My personal view on acceptable solutions is essentially a negative one. The key reason is that acceptable solutions are generic and not branded. A more important reason is that acceptable solutions are simplistic “cook book” attempts to meet the performance requirements of the Building Code clauses and sub-clauses.
I remember sharing the occasional Scotch with Professor Helen Tippet, who chaired the original committee on creating a performance-based Building Act and Code, and discussing the rationale behind providing such fixed solutions.
Her view was that acceptable solutions and, to a lesser extent, verification methods, were there to help the bottom feeders; those without the ability and knowledge to use and take advantage of a performance-based approach to compliance. Unfortunately, they have now become the benchmark.
While I sympathise with, and understand why BCA inspectors should take this view, I fail to understand why any self-respecting professional should feel that a standard generic “cook book” is the best approach for their projects.
Bluntly, E2/AS1 is no panacea to preventing leaky buildings and I’m not convinced it hasn’t caused a few.
In 2001 a proposal was put to the then Building Industry Authority to introduce branded acceptable solutions, based on a series of “acceptable principles” prepared and promulgated by the Government. In the rush to find who to blame for leaky building problems the suggestion was quietly shelved.
However, the concept of encouraging product suppliers and manufacturers to face up to their responsibility and show how their products meet the performance requirements of the building code is back on the agenda.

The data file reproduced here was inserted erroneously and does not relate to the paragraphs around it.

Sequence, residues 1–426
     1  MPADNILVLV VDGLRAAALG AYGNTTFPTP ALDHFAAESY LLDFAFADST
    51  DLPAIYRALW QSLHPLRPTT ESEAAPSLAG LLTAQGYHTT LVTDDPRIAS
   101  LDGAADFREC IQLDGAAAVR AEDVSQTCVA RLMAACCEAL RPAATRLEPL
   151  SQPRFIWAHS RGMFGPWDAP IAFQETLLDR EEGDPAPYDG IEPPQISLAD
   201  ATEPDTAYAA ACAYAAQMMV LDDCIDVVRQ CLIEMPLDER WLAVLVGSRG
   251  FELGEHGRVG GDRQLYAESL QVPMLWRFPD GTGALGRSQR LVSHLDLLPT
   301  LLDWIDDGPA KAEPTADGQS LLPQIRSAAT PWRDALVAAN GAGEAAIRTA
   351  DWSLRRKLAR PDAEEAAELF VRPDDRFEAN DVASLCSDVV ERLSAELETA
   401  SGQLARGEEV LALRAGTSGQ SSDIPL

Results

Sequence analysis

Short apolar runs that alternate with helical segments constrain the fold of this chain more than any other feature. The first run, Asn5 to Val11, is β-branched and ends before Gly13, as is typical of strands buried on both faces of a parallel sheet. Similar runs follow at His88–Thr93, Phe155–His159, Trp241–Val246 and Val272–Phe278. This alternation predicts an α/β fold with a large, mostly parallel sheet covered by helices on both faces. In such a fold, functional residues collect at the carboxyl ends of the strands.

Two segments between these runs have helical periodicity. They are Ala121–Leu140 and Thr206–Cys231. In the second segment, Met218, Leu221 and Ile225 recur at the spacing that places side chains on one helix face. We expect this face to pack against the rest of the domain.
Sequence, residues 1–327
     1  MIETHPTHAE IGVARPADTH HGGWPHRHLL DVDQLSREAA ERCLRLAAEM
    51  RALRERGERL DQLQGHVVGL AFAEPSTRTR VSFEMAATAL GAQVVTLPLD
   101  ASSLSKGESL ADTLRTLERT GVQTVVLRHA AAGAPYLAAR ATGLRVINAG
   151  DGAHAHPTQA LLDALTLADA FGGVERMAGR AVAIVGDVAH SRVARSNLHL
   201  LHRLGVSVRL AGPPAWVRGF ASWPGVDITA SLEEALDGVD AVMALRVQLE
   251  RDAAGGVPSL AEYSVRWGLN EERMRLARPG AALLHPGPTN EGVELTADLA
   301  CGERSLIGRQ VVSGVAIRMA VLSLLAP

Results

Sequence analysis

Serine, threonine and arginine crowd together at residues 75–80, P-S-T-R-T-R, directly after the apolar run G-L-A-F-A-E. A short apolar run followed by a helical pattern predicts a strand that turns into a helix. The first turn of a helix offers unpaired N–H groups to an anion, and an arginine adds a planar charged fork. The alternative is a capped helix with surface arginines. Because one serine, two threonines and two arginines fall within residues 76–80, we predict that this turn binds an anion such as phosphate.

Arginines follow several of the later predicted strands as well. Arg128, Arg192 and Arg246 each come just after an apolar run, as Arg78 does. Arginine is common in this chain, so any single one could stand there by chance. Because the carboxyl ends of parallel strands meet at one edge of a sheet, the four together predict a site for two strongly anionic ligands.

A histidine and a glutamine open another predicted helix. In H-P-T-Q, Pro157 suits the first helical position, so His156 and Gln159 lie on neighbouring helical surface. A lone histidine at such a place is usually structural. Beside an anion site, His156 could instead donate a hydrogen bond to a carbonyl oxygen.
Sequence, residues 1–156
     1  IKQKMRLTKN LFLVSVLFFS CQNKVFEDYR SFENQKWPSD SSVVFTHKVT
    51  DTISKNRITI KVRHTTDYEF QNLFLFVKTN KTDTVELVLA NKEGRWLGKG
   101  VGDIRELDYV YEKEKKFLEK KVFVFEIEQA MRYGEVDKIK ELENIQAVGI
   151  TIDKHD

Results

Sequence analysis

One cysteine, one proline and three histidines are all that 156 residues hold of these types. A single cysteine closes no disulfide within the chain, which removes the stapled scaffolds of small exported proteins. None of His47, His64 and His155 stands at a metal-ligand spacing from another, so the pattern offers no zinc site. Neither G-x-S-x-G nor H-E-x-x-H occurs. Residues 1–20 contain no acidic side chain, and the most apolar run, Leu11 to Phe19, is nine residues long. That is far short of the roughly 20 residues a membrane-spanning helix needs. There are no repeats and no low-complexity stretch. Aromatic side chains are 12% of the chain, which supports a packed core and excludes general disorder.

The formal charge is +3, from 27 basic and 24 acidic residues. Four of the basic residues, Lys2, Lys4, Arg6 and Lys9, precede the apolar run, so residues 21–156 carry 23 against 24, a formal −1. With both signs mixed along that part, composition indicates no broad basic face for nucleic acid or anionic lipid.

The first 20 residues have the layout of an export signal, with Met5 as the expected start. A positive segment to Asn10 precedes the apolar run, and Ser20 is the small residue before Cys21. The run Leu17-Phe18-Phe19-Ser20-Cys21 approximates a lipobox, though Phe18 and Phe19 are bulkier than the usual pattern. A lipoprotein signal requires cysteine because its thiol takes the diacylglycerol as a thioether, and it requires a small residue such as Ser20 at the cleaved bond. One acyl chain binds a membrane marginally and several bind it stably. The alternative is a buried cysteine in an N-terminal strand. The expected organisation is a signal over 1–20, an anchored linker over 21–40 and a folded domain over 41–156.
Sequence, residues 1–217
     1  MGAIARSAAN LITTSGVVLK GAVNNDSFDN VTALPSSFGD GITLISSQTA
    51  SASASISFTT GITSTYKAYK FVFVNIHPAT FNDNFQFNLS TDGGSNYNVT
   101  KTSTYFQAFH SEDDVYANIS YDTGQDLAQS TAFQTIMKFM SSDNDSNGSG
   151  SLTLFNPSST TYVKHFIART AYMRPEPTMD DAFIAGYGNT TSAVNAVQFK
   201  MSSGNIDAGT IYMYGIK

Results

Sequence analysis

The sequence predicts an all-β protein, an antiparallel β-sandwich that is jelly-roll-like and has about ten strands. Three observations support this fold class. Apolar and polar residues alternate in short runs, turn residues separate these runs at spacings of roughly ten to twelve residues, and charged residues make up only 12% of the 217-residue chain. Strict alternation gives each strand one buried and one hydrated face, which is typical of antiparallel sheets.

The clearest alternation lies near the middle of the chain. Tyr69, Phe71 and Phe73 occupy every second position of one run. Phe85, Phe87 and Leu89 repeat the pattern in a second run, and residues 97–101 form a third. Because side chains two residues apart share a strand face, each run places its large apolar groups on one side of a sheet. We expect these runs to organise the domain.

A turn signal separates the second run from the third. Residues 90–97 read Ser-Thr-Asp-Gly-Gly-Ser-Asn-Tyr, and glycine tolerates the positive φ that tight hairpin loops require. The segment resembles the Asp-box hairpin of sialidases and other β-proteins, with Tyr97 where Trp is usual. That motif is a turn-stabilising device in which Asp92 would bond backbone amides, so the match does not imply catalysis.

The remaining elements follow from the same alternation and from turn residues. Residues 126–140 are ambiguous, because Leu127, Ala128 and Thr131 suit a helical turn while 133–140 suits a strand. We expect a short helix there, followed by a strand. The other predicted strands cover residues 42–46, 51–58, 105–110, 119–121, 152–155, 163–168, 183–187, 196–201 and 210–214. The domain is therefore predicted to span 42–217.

As set out in the Building Amendment Act 2013:
14G (2) A product manufacturer or supplier is responsible for ensuring that the product will, if installed in accordance with the technical data, plans, specifications and advice prescribed by the manufacturer, comply with the relevant provisions of the building code.
There have been a number of proposals to provide manufacturers and suppliers with a straightforward and affordable way to meet this responsibility, below the level of obtaining a Codemark or BRANZ Appraisal. That is, a way for manufacturers and suppliers to show how their products meet the performance requirements of the building code, within a stated scope of use.
The key to the success of such an initiative is to find a way for manufacturers to do this — preferably using a structured, online tool. But more importantly, such a performance statement must meet the needs of those approving building consents — essentially, to be satisfied that the product complies “on reasonable grounds”.
The recently reported case in Auckland where inappropriate or non-complying fire safety and fire stopping products were being discovered in completed buildings highlights the need for a system of clear, unequivocal performance statements by product manufacturers and suppliers.
Coupled with a national database of construction products, those faced with signing off on compliance will finally have the tools they need to do their job.